How to understand Catalonia’s looming independence vote (The Herald)
Something will happen in Catalonia on October 1 – but nobody knows quite what. This is the date chosen by the Catalan government for a referendum on independence from Spain. It is not their first attempt.
By Michael Keating
SOMETHING will happen in Catalonia on October 1 – but nobody knows quite what.
This is the date chosen by the Catalan government for a referendum on independence from Spain. It is not their first attempt.
In the 2000s, there was a series of unofficial referendums in Catalan towns. In 2014 the Catalan government staged its own referendum, not recognised by Spain and boycotted by unionists.
The Yes vote was predictable but not meaningful.
This was followed by ‘plebiscitary elections’ intended to produce a pro-independence majority. It did produce a pro-independence majority of seats but not of votes.
Now they are set to try again.
This time, the Spanish government, supported by the main opposition parties, is determined to stop the vote happening. Catalan ministers responsible for the 2014 effort have been prosecuted and, in some cases, barred from office.
The same fate beckons for current ministers. A series of court cases has sought to obstruct the process, affecting civil servants, town halls and even firms producing ballot boxes.
For its part, the Catalan government insists that the process will go ahead, to be followed, in case of a Yes vote, by a declaration of independence. They have been putting in place ‘state structures’ including a tax and revenue agency and the outlines of a diplomatic service, all fiercely contested by Madrid.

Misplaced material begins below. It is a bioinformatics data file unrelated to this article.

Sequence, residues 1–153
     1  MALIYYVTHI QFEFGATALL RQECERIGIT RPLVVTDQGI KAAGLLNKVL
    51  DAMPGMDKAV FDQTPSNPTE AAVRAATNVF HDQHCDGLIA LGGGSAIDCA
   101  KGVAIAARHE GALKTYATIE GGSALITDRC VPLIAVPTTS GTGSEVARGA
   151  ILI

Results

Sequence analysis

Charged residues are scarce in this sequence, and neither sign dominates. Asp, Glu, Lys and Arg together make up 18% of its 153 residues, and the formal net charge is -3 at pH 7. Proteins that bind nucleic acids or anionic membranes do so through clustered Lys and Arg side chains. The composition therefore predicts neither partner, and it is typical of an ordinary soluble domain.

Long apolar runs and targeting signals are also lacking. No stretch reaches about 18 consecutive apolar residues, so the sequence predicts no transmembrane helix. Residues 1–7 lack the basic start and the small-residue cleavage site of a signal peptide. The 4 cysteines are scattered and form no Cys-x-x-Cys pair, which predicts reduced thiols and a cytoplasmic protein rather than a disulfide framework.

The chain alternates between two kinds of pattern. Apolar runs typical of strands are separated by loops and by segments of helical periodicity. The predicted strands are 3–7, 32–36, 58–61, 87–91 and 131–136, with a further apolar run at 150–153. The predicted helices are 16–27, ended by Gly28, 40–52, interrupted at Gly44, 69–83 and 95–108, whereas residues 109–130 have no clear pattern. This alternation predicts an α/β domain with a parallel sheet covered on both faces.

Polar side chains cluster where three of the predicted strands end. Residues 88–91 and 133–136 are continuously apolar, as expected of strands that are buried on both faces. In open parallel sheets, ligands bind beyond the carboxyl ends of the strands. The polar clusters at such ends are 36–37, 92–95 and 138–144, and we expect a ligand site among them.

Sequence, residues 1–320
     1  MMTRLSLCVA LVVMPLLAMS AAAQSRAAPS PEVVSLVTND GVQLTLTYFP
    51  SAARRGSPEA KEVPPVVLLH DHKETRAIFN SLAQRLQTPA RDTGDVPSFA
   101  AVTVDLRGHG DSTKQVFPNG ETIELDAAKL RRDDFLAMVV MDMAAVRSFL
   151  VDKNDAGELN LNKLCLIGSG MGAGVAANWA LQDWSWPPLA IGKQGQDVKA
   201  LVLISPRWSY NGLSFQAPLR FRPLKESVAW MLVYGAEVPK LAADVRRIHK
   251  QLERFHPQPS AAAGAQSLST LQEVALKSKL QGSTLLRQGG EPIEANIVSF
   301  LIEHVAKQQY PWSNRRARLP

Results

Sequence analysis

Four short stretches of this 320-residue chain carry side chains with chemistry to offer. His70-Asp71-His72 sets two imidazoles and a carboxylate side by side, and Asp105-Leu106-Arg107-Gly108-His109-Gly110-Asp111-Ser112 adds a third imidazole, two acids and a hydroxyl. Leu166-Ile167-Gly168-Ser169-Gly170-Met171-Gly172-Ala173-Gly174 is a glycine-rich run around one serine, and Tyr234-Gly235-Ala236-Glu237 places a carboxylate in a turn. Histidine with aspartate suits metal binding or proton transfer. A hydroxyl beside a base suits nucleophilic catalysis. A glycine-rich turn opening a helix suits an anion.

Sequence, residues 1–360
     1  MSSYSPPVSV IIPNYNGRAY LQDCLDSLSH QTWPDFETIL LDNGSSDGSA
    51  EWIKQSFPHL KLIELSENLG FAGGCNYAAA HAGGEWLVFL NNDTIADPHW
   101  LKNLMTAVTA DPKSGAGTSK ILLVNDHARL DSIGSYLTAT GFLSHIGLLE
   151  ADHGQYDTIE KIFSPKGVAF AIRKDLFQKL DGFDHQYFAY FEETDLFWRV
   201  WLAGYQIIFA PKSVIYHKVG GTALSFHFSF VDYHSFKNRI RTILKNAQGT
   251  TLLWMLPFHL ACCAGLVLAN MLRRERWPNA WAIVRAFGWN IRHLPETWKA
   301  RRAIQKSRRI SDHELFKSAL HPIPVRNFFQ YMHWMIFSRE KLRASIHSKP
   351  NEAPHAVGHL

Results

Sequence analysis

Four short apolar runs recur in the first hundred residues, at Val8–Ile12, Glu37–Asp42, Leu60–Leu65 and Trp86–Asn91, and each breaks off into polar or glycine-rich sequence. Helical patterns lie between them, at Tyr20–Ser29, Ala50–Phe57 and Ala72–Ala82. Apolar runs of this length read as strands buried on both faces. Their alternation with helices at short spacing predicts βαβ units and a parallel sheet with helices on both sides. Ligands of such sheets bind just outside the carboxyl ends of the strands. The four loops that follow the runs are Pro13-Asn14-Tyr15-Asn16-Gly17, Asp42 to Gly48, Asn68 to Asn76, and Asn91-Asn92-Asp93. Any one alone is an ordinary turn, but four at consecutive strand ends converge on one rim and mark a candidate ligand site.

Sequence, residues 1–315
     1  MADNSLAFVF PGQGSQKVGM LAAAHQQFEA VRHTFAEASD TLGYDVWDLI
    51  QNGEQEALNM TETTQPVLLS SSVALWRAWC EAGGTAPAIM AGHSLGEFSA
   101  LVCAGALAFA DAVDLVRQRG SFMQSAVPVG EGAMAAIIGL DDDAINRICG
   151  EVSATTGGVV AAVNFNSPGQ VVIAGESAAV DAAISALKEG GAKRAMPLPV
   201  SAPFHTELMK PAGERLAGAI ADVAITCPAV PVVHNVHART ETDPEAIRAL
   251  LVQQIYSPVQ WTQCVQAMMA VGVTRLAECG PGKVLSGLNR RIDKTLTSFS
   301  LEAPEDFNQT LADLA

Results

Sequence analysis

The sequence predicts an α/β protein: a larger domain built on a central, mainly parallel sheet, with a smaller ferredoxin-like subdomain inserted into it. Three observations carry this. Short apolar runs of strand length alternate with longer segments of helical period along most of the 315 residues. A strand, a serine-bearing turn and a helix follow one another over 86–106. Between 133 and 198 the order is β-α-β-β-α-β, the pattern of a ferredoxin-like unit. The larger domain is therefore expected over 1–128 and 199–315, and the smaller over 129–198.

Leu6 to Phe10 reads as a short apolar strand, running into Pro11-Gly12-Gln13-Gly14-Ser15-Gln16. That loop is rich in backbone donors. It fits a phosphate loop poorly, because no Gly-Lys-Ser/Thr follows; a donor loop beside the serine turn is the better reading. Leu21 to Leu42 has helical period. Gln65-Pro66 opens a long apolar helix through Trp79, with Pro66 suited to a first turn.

Catalan civil servants are caught between their duties to their ministers and to the Spanish law and even the loyalties of the Catalan police could be tested. The Spanish government, for its part, can count on the Spain-wide Guardia Civil.
Support for independence has been growing in Catalonia for the last decade because of complaints that it pays too much into the Spanish coffers, and because a reformed devolution statute was undermined by the Constitutional Court in 2010.
Some polls have put it above 50 per cent, but mostly it is in the mid-40s. Closer examination reveals that most Catalans would actually settle for less – a new financial settlement; more autonomy; recognition as a nation; and guarantees for their language.
It is the refusal of Spain to concede that drives many people from what in Scotland is called ‘devolution-max’ to ‘independence-lite’. So Catalonia might have to come out of Spain in order to forge a more equal partnership.
A large majority of Catalans now support a referendum to resolve the issue, including many of those who would vote No. The ‘right to decide’ has itself become the central issue rather than the details of the independence prospectus.
So the debate about the economic and social aspects that were such a feature of the Scottish referendum campaign has been largely absent.
The Spanish parties’ attitude is rooted in a Spanish nationalism that sees Spain as a single nation and insists that an independence referendum is unconstitutional and therefore illegal. Many Catalan legal scholars dispute this and argue that the constitution could be interpreted to allow a consultative vote, if not a binding referendum.